Rose C. Feld
Sally Benson is a gentle satirist. She deals no brutal blows that leave ugly bruises, but with greater art strips her subject of all pretences and affectations and lets her stand naked, not as God made her but as time and friends and circumstances have made her. Sometimes the creature that remains is likable, sometimes not, but always she is human and understandable. "She" is used advisably, for Sally Benson is concerned almost exclusively with the female of the species. The male, to be sure, is an important figure in the background, but he plays a secondary role.
In "Emily" …, Mrs. Benson again produces an interesting gallery of female portraits, running in range from that of a girl 16 … to that of a woman of more than sixty…. The stories are slight, the characterization excellent. In the [former] she recalls that desperate stage of youth between childhood and maturity when the world of ice-cream cones and dancing with girls seems too young and the one of drinking and county-club dancing too old. In the [latter] she writes of the peaceful time of life when a woman has fulfilled her responsibilities to husband, home and children and once again can relax in the company of her own sex and her own age….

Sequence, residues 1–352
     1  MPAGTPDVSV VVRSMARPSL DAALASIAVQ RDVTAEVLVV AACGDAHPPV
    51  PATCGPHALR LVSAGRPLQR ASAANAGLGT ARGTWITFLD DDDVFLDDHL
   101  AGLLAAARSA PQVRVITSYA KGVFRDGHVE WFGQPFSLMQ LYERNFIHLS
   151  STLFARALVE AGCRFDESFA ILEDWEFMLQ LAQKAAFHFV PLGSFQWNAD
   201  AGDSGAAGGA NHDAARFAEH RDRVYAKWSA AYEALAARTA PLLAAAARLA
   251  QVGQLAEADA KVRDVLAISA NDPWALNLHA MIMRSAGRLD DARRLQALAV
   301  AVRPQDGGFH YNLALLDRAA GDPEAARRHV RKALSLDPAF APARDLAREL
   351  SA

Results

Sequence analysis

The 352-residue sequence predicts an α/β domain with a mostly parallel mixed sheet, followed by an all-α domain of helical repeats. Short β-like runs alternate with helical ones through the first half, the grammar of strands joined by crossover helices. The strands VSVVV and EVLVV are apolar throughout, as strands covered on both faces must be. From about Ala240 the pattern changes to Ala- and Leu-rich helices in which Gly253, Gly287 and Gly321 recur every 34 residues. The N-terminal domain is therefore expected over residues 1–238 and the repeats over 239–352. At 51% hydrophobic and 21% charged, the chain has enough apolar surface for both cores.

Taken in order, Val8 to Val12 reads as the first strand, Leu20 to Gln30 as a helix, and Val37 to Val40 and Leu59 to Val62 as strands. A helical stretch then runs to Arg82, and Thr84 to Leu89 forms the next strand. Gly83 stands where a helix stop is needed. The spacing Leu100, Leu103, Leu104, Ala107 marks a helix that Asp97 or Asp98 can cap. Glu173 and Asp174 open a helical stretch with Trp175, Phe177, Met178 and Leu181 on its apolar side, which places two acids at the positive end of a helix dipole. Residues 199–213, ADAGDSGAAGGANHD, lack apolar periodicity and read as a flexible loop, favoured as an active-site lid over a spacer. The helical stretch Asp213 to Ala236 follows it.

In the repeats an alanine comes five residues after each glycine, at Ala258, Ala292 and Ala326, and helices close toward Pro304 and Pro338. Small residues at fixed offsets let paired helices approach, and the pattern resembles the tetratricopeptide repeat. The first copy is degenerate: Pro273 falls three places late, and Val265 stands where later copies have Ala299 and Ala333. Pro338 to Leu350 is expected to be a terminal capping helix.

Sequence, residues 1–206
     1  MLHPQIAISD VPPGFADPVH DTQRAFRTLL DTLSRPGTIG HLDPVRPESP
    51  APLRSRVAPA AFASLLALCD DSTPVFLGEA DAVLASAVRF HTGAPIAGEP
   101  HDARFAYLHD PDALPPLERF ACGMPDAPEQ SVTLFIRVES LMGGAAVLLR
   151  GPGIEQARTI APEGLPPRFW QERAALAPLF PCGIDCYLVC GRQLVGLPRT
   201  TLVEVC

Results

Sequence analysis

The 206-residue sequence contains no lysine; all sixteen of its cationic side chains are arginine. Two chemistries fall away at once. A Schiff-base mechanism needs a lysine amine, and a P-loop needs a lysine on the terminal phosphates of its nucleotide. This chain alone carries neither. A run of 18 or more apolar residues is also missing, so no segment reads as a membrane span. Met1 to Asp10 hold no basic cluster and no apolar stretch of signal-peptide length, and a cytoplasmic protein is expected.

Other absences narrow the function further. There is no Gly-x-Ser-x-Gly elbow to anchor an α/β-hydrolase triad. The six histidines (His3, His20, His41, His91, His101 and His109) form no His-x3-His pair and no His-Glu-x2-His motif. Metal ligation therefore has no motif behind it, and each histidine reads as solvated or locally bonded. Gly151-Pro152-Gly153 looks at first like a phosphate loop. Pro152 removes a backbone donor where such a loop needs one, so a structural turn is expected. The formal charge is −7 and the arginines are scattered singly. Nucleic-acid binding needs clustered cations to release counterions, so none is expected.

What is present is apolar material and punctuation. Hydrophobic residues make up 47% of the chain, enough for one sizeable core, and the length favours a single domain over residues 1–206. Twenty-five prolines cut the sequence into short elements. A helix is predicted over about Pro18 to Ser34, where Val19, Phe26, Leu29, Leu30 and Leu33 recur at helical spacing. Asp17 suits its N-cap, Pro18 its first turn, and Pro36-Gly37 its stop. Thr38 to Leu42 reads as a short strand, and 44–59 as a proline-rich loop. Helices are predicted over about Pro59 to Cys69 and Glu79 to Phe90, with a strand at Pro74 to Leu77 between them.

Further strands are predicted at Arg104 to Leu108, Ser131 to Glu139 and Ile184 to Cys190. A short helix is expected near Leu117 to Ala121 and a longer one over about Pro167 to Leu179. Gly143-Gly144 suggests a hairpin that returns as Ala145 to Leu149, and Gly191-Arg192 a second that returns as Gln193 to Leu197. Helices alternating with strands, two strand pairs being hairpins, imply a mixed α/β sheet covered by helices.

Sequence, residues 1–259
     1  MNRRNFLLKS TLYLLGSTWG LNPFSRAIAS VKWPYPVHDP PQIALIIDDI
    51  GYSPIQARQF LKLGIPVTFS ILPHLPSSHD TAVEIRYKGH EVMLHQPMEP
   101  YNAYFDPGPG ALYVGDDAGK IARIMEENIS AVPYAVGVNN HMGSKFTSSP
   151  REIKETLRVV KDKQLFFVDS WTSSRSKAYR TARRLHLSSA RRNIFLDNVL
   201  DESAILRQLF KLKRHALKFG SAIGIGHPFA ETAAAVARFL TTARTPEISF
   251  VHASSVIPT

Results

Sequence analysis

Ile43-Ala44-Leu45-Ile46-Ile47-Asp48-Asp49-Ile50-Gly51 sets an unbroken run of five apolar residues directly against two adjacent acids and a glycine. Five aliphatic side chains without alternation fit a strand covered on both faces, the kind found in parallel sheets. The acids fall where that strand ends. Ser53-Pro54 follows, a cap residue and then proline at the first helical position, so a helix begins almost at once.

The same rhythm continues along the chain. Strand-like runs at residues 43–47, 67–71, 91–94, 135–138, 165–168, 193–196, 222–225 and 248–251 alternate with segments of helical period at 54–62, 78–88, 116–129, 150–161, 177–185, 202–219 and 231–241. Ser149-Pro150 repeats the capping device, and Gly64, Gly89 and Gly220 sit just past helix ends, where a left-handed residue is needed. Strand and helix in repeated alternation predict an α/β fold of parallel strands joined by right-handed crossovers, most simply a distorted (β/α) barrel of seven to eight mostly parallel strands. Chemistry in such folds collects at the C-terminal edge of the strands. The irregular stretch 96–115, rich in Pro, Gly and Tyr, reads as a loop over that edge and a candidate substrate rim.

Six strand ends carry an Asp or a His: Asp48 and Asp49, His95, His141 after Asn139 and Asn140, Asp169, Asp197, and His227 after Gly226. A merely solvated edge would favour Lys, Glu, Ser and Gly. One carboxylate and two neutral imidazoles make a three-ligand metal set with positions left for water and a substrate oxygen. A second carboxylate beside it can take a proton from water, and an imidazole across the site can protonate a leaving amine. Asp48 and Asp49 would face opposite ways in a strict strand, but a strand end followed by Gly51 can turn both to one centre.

In the span of years between these two lie twelve other stories which give short but brilliant glimpses of women caught in some moment of ambition, fear, regret or vanity….
Most compassionate of all the portraits in ["Emily" is the title story]…. Emily is dead when the story opens, but Emily comes deeply alive in the laconic conversation held between her sister and Emily's housekeeper….
These stories are good in the first reading and better in the second.
Rose C. Feld, "The Satires of Sally Benson," in The New York Times Book Review (© 1938 by The New York Times Company; reprinted by permission), July 31, 1938, p. 6.